Terminology – court, terrain, boulodrome

Americans often use the expression “petanque court”, but technically this is wrong. The proper term is a petanque terrain or (depending on the context) a boulodrome.

Some petanque players actively dislike the expression “petanque court” because they feel that the word “court” implies that— just as you need a tennis court to play tennis, and you need a basketball court to play basketballt— you need a special kind of facility to play petanque. But that isn’t true. As the Petanque America web site says

Actually the word “court” is a misnomer. We use it here because many people search for that term. Petanque is by nature a game one can play without a setup, sort of like frisbee.

Certainly you don’t need fancy or expensive facilities to play petanque. As Byron Putman says, petanque is quite different from golf—

There are no lush fairways, sparkling blue waters or veranda bars with bistro tables and lazily swirling ceiling fans. … I regularly play on public walking paths, gravel parking lots and even empty fields — that’s why we call it a “terrain” and not a court, to signify the lack of grooming. Petanque terrains don’t require water, fertilizer, pesticides or maintenance.

On the other hand, although you don’t NEED elaborate facilities to enjoy petanque, there are indeed sports facilities designed and constructed specifically for the playing of petanque. Most of them are in France. They are called “boulodromes”.

Terrain and boulodrome ▲

The word “terrain”, when used in connection with petanque, means simply “the area where you’re playing a game of petanque”. It doesn’t imply any sort of permanent facility. In my home town, we simply walk down to the local park and find a flat, open spot to play. While we are playing, that spot in the park is our terrain.

The word “boulodrome” goes back to the ancient Greeks. “Hippos” was the Greek word for “horse” and a “hippodrome” was a facility for horse races, a race track. Similarly, a “boulodrome” is a facility designed, constructed, and used for playing boules. Just as a tennis facility may provide one or more tennis courts, a petanque boulodrome may provide one or more “lanes”. Like a tennis facility, a boulodrome might be outdoors, covered, or completely enclosed. An outdoor boulodrome is a boulodrome exterieur. A covered or enclosed boulodrome is a boulodrome couvert.

Outdoor boulodrome, Le Lavandou, Var, France

Outdoor boulodrome, Le Lavandou, Var, France

Covered and partially enclosed boulodrome in Livinhac-le-haut, Aveyron, France

Covered and partially enclosed boulodrome in Livinhac-le-haut, Aveyron, France.

A very new and modern completely enclosed boulodrome in Bas-Bugey, France.  With such a facility it is possible to play at night, and year-round.

A very new and modern completely enclosed boulodrome in Bas-Bugey, France. With such a facility it is possible to play at night, and year-round. CLICK to view larger image.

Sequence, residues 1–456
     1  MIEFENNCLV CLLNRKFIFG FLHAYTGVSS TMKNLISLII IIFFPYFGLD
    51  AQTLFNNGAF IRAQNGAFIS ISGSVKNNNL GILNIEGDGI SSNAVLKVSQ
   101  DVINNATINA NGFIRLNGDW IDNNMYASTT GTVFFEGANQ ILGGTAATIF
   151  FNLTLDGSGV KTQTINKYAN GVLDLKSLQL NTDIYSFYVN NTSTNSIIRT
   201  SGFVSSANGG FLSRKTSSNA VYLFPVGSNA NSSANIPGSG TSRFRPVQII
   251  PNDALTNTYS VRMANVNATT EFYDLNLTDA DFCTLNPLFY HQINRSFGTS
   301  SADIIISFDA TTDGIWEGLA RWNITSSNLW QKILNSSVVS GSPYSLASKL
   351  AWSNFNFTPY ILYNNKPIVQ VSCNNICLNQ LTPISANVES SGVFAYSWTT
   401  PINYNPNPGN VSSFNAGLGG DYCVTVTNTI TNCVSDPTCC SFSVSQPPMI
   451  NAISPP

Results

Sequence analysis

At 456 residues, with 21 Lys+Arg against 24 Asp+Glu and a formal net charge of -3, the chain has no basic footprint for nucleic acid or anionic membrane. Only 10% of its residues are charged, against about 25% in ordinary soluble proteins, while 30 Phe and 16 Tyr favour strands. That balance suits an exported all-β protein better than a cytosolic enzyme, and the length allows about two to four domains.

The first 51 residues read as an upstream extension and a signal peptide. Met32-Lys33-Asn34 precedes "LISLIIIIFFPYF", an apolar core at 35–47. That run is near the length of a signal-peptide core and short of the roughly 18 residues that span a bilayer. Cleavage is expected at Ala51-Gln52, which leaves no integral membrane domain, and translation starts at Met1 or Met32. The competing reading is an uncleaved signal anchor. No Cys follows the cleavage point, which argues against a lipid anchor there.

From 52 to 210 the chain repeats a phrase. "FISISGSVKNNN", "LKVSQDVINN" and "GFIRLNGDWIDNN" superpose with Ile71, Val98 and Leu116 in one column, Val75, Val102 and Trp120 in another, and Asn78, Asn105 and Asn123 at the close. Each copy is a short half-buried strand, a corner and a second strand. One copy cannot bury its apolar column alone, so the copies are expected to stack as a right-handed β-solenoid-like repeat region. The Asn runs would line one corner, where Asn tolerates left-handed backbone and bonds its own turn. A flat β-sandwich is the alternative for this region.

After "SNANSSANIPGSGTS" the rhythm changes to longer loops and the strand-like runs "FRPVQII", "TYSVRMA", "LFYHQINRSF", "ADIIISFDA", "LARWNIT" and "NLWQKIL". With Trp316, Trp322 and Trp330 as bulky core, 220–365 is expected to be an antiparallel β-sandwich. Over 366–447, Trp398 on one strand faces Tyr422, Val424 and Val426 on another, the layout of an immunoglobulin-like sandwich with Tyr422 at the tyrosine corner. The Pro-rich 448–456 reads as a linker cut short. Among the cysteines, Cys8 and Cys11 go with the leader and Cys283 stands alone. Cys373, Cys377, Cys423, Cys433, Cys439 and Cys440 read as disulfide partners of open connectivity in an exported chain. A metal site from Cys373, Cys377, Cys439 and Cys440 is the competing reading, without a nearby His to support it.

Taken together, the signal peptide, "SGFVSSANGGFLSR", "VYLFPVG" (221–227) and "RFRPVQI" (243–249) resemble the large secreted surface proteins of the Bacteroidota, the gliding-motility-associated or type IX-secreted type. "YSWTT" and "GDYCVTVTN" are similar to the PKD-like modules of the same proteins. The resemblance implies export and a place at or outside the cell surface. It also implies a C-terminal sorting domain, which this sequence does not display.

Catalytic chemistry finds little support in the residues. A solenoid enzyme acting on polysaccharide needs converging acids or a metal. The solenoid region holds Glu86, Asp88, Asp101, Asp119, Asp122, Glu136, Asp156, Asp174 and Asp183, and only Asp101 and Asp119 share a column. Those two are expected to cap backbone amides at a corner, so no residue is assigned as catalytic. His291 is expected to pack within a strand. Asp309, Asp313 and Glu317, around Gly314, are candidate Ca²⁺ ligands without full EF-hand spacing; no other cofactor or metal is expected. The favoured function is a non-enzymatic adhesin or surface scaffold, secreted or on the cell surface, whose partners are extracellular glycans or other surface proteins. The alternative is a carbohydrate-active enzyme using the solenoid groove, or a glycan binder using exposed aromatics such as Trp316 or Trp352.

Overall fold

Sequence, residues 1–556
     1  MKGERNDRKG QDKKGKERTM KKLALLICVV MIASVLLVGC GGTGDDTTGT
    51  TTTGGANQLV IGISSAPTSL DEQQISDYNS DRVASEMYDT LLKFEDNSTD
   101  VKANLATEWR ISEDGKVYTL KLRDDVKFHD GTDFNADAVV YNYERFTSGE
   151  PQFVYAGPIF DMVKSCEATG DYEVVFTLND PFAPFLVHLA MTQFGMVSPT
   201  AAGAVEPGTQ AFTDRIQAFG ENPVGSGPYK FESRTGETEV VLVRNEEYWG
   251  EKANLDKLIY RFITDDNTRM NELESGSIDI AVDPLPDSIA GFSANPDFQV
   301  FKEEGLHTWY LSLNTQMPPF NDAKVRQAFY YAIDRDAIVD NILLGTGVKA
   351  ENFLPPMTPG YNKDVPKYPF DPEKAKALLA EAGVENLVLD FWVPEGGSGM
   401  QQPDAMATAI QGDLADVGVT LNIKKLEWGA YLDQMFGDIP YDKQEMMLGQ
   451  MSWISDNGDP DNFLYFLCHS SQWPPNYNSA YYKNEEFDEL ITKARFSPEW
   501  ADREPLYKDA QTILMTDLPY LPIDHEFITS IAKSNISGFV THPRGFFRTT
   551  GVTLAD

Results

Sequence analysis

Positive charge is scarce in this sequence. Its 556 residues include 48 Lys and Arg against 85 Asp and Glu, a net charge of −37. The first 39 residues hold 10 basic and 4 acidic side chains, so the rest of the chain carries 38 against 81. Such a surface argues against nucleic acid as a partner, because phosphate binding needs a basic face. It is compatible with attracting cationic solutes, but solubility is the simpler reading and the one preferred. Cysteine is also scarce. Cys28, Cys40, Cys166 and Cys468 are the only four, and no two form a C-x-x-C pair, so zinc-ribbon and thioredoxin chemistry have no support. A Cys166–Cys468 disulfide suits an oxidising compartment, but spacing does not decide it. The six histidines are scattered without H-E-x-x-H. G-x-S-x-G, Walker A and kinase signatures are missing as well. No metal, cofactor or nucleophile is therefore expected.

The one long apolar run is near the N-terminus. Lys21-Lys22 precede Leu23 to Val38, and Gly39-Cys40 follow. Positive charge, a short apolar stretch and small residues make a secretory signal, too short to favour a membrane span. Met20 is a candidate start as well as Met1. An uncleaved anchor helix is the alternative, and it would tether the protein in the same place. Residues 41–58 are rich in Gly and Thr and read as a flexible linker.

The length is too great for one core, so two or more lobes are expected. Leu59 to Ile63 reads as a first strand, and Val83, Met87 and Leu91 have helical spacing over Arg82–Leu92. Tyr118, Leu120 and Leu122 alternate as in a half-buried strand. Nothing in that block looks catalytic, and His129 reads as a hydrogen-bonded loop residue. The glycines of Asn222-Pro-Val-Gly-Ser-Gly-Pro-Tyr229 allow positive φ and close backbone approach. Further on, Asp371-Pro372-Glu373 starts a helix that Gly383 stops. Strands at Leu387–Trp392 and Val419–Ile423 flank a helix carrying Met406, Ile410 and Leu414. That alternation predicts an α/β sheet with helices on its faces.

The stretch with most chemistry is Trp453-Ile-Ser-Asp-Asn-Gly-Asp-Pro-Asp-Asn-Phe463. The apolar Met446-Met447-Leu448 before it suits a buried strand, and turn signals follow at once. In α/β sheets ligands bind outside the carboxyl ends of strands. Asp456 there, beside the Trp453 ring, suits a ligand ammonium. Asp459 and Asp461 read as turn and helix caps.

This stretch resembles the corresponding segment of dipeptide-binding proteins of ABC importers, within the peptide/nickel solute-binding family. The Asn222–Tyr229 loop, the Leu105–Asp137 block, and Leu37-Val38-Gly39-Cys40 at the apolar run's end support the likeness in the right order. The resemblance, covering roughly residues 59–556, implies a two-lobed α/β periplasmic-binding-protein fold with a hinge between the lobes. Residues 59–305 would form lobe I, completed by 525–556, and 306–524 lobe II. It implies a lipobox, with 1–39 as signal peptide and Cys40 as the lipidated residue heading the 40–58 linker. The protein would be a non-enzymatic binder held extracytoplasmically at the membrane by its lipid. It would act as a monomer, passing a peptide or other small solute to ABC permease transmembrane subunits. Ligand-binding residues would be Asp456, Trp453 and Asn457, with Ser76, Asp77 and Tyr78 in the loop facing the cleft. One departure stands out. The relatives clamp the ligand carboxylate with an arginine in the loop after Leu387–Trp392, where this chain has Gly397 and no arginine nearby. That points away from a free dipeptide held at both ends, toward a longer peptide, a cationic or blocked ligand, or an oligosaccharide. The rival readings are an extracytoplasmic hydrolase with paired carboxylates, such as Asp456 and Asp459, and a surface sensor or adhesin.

Also— petanque is not bocce ▲

When a petanque player rejects the expression “petanque court”, he may also be pointing out that you don’t need a court to play petanque… the way you do with bocce.

In the United States there are many more bocce players than petanque players. The Italians simply got to America sooner, and in greater numbers, than the French did. So when it comes to public funding, bocce gets all the visibility and all the money. To American petanque players, this seems both unfair and stupid.

I’ve just read The Joy of Bocce, where the author advocates the construction of bocce courts in schools across the United States. That’s the typical “bait-and-switch” tactic of bocce promoters. They hide the fact that bocce requires extremely expensive, high-maintenance courts. I have seen public bocce courts in California and Oregon that cost thousands of dollars to install, and after months of lack of maintenance have become completely unplayable.

Petanque is played on hard dirt with a little crushed rock (D.G., decomposed granite). Many public parks have open areas or paths with exactly this kind of surface. These areas are essentially maintenance-free. They are perfect for petanque, and they are also available for general public use. Why spend huge amounts of money to build dedicated bocce courts that require expensive ongoing maintenance, when for pennies on the dollar school and city officials can create multi-use, virtually maintenance-free dirt and D.G. terrains?

Petanque on public walking paths in Centennial Garden, Denver, Colorado, USA

Petanque on public walking paths in Centennial Gardens, Denver, Colorado, USA

Boulodromes  ▲

Some boulodromes, especially in France (where they spend a lot of money on boulodromes) are truly beautiful. To see some pictures of nice terrains and boulodromes, see THIS POST.

Beautiful outdoor boulodromes

Here are a few pictures of places where petanque is played (“boulodromes”), just for fun and to give you some ideas of what might be possible.
To see full images, right-click on the image and select “Open image in new tab”.

Collioure, France (courtesy of Homage to Barcelona). Real-world obstacles — trees, a light post, a sewer cover. Nice shady trees, a few benches for spectators, a gentleman walking his dog. This is real petanque.

An open terrain in L’Île-Rousse, a commune in the Haute-Corse département of Corsica, France.

A park in Orange, France.

The petanque club in Revel, France holds a tournament in the town park.

The Cote d’Azur.

One of the most pleasant places I’ve ever played — a public park in Philadelphia, Pennsylvania, USA.

A public park in Tucson, Arizona, USA (Reid Park)

Somewhere in France

Somewhere in France

Somewhere in France

A public park in Tucson, Arizona, USA (Harold Bell Wright Park)

Augusta, Maine, USA (Mill Park)

location unknown